We spent hours walking along the ocean, not in the sand but on a very pleasant promenade that led us to an Italian place called LA PERLA, where we sat outside for lunch overlooking the sea and shared a platter of char-grilled shellfish. What a way to spend a warm day!

Finally, I’d insist that you take a day tour of wine country and have lunch at the Michelin-worthy LE QUARTIER FRANCAIS in Franschhoek, near Stellenbosch, about 75 kilometers from Cape Town. The place is divided into two parts: a semi-casual front dining room and a prix fixe dinner-only venue called The Tasting Room. Since it was lunch, we ate in the front and thoroughly enjoyed its signature dish, a Lamb Burger.

The Tasting Room dishes, I’m told, burst with wit and whimsy. Bread service is cornbread baked in a can…like Boston Brown bread. Appetizer Oreo cookies are savory, and loaded with gruyere cheese. And their signature dessert is Parmesan sorbet. The place has 15 rooms, and they are splendid.

If you have time, especially if you’re a wine connoisseur, devote a few days to the village of Franschhoek and the surrounding wine country. The scenery is simply gorgeous, the hospitality is warm, and of course the wines are simply world-class.

Fast food? YES! Go to NANDO’S (several locations) for PIRI-PIRI chicken, served with four levels of hot sauce – the hottest of which blows the top off the Scoville Scale.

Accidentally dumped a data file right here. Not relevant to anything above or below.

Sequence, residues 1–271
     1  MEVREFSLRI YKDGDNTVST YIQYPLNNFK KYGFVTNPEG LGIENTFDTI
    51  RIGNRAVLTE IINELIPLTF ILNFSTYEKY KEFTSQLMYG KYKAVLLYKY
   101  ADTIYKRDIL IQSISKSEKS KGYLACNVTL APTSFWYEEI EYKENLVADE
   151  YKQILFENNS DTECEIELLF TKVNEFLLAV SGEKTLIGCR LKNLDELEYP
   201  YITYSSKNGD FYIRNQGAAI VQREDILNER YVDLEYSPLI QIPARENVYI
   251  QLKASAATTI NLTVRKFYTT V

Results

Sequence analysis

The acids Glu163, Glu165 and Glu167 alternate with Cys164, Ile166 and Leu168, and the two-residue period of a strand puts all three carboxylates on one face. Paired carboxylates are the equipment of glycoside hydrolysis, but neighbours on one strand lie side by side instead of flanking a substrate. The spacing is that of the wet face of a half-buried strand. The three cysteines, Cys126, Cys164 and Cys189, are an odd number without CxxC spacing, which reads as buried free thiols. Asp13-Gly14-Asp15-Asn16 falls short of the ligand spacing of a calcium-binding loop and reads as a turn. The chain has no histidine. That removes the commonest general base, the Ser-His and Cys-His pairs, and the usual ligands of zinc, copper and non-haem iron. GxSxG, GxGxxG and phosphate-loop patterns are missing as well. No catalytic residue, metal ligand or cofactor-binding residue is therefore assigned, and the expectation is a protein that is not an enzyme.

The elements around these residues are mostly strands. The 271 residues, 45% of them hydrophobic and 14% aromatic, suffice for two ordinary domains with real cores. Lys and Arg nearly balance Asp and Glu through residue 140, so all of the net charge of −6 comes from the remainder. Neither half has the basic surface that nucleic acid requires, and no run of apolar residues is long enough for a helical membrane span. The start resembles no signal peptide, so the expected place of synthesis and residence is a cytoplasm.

We had a guide on a couple of days….once to wine country and the other to the Cape of Good Hope. If he was ordinary, I wouldn’t bother to give you his name, but this gentleman was exceptional – a professional in every way. And to top it off for any of you foodies: He’s a restaurant critic. His name is Rob Davidowitz, and your hotel can arrange his service.

On our trip down to the cape, we passed through an area that is populated with baboons. We pulled over to the side of the road behind another car to take a look, and as we watched, a group of them approached his car and actually opened the driver’s side door. He jumped out – and they jumped in – ransacked his car and stole what appeared to be his picnic lunch. As they fled down the hill, all you could see were their flared red asses.



Victoria & Alfred Hotel Waterfront
W. Quay Road, V&A Waterfront
Capetown, 8002, South Africa
Tel +27 21 410 7100

95 Keerom St
Cape Town city Centre
Cape Town, 8000, South Africa
+27 21 422 0765

Victoria Wharm Shopping Center
Victoria Wharf / V&A Waterfront
Shop No. 153
Capetown, 8002, South Africa
+27 21 421 3753

33 Church Street
Cape Town, 7001
+27 21 424 0000

Old Mutual Building
Beach Rd, Sea Point
Cape Town, 8005, South Africa
+27 21 439 9538


Wilhelmina St
Franschhoek, 7690, South Africa
+27 21 876 2151


One thought on “WHO’S DOWN FOR CAPE TOWN?

  • August 17, 2017 at 3:13 am

    Phil & Joanne,
    We hope you visit Cellars-Hohenort, a Relais et Chateaux, snug against Table Mountain, in Constantia, Cape Town, when you go again to South Africa. It is one of the “Liz McGrath Collection” of fine properties, and home to South Africa’s #1 Chef Peter Templehoff at The Greenhouse restaurant there.
    Liz McGrath was our daughter-in-law Chloe McGrath Raih’s paternal Grandmother. Liz was an extraordinary woman. Liz’s hotel collection includes The Marine at Hermanus and The Plettenberg Hotel at Plettenberg Bay. Her Gift Shops in the Relais et Chateaux offer beautiful and unique pieces of hand made South African porcelaines.
    This may sound like a travelogue, but as you can surmise, we have a great affection for the country that gave our son such a lovely wife! Paul & Chloe Raih live in Sydney, Australia.

Leave a Reply

Your email address will not be published. Required fields are marked *